Spam: The Wonder Food

Updated: Dec. 14, 2022

How can six simple ingredients cause so much controversy?

Spam canned meat stacked vertically in store shelf. Shutterstock / Toronto-Images.Com

Spam: the ready-to-eat meat in a can that inspires laughs from some and wonder in others. Yes, that blue, square packaging with its bold, bright yellow letters can be instantly recognized from across the room. Even if you don’t know what the contents taste like, you’ll probably find yourself with an opinionated stance of the food (perhaps derived from those Spam-eating Vikings from Monty Python’s Flying Circus).

What exactly is it about these six simple ingredients—pork with ham, salt, water, potato starch, sugar, and sodium nitrite—that arouses controversy? From the outside, some might say these ingredients fit into a transparency model. After all, you can easily pronounce and recognize all six of them (but can you pronounce these?). On the other hand, Spam consumption is not only the antithesis of everything the whole foods movement stands for, but the word itself has become eponymous with things unwanted and unsolicited.

And yet, Spam has a purpose. In several parts of the world, it’s celebrated as a wonder food—and it’s always toward the top of food banks’ wish lists because it lasts. We take a peek at how we got to where we are today, and why you (might) want to give it a try.

Spam’s Origins

Spam came off the packaging lines in 1937. The goal: to produce an affordable canned meat item that was convenient enough to enjoy every day. Because of its shelf-stable status (and the fact that it wasn’t rationed like beef), Hormel began shipping the stuff abroad during World War II. By 1941, Hormel sent more than 100 million pounds of Spam to allied troops, and the easy-to-pack product became a staple food for GI’s during the war.

The kickback was horrendous—some soldiers joked that Spam was the real reason the war was awful—but those same soldiers brought the product back to their families nonetheless. Spam sales skyrocketed, and by 1959 Hormel had produced their one-billionth can of Spam. The rest is history. Spam had secured itself a spot in Americana, and by 2012 their production number reached 8 billion cans. Today, the 15 available varieties of Spam are shipped to 44 countries around the world.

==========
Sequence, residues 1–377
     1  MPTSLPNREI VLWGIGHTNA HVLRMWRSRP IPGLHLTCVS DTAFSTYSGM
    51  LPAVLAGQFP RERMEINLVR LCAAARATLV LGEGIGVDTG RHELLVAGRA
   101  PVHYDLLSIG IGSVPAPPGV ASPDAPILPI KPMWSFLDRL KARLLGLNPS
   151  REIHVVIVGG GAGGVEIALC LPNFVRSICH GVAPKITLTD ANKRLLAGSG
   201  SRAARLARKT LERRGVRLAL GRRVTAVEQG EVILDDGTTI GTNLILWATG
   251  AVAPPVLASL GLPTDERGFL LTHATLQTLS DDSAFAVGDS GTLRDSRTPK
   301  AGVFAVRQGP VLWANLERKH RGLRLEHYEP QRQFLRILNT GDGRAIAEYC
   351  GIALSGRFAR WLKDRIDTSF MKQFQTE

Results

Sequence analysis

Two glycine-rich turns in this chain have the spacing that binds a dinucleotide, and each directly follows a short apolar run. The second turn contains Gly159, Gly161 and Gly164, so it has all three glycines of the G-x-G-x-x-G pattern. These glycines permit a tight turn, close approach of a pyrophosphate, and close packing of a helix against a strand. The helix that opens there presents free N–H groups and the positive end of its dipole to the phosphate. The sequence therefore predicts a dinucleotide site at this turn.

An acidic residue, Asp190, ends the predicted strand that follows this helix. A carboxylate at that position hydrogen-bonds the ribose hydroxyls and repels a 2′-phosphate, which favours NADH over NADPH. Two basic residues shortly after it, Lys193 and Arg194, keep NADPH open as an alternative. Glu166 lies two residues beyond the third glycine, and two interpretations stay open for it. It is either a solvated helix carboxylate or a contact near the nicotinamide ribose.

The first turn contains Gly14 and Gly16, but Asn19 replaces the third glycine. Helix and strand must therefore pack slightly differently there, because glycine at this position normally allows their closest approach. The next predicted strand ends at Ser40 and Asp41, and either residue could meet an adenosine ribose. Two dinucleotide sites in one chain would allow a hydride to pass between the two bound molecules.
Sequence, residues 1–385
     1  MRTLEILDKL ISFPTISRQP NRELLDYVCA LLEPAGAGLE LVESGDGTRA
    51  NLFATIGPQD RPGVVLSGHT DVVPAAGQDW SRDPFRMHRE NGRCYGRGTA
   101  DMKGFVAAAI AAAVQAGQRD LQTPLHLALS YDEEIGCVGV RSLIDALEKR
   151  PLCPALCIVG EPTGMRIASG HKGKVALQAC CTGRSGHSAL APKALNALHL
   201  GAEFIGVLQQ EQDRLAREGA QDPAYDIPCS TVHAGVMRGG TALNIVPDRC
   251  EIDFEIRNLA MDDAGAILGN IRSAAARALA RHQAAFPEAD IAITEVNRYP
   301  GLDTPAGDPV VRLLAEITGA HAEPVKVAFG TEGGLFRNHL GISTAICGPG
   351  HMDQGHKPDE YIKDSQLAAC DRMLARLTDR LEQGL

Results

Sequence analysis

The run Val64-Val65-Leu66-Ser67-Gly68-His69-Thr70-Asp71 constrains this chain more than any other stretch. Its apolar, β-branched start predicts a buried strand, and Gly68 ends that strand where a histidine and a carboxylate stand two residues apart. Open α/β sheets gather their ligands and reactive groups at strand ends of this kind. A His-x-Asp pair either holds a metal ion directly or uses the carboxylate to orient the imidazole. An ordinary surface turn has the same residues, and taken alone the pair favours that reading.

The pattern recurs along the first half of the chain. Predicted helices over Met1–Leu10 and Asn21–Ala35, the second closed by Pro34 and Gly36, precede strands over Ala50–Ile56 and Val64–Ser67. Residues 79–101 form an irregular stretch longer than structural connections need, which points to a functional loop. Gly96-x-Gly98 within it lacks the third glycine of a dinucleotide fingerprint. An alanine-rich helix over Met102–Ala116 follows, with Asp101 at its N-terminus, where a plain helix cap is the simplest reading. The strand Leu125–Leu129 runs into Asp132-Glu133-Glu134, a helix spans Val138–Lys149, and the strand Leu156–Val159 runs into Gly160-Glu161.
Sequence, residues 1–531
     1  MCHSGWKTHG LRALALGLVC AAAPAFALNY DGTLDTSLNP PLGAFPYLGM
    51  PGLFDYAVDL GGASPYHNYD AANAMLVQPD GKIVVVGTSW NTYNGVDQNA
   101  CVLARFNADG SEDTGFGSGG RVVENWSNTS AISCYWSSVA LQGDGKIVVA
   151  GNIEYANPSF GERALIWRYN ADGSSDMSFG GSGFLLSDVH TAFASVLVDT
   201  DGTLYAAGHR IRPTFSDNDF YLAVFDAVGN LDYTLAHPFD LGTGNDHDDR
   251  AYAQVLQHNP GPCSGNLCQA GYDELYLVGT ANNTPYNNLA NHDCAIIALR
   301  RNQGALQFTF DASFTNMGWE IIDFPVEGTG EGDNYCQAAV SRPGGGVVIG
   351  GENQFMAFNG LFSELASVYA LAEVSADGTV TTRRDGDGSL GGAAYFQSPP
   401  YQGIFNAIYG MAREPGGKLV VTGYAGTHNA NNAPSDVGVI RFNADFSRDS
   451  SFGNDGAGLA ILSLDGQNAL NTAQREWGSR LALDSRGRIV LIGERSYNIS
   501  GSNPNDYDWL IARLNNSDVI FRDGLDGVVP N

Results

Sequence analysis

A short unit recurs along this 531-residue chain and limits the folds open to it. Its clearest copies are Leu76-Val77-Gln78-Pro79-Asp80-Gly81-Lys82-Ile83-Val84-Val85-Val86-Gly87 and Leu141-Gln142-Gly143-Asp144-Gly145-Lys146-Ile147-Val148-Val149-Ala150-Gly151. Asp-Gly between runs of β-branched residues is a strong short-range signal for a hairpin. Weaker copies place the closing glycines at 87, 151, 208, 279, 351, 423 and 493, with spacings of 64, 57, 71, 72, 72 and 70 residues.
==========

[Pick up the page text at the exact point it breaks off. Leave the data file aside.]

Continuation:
How It Got Its Name

Spam’s website claims that the real meaning of the SPAM brand name is only known by a small circle of former Hormel executives (and probably Nostradamus). But, they go on to explain that a contest was held in 1937 to give the promising new product a name. Ken Daigneau, the brother of then Hormel Food vice president, entered with the name “SPAM.” Speculation indicates the name was a way to shorten “SPiced hAM.” Daigneau won $100 for the contest and, his name is mostly unknown, he went down in the history books as the Bestower of Appellations of one of the most iconic pork product in the world.

Where It’s Popular

If you live in a part of the world where U.S. troops were stationed during WWII, you’re probably pretty familiar with Spam. The product is most popular in these areas, with the most extreme example being Hawaii. The culture has completely adopted the ham-in-a-can product and consumes nearly 7 million cans of Spam products each year. You’ll find fried eggs and rice with spam for breakfast, Spam fried wontons as a snack, and sushi-inspired Spam musubi rolls at nearly every home and restaurant. You’ll even see Spam on McDonald’s breakfast menu!

You’ll also find a lot of Spam in Southeast Asia (where gift packs sell for as much as $45), the Philippines (where the restaurant Spam Jam sells all spam-inspired dishes), and Guam (where the annual consumption averages 16 cans per person).

What You Can Do with It

If you’re ready to give the wonder meat a try, the possibilities are endless. You can grill it, fry it, or eat it straight out of the can. Use it like sliced ham or bologna and pop it onto a sandwich bun, or fry it up like tofu and use it as a taco filling. Serve it over rice for lunch and dinner, or crisp up some potatoes and eat it as a breakfast hash. I’ve been able to figure out how to make Spam taste totally delicious for every meal—except dessert!

Give it a try for breakfast with this Morning Mix-Up recipe (or, if you’re going camping, this version). If you’re ready to go all out, toss together this Pork Pancit and add Spam like the home cook, Priscilla Gilbert, suggests. Soon, you’ll be singing, “Spam, wonderful Spam,” just like Monty Python’s Vikings. And for Spam and dessert lovers, this Spam figgy pudding may be the perfect after-dinner dish.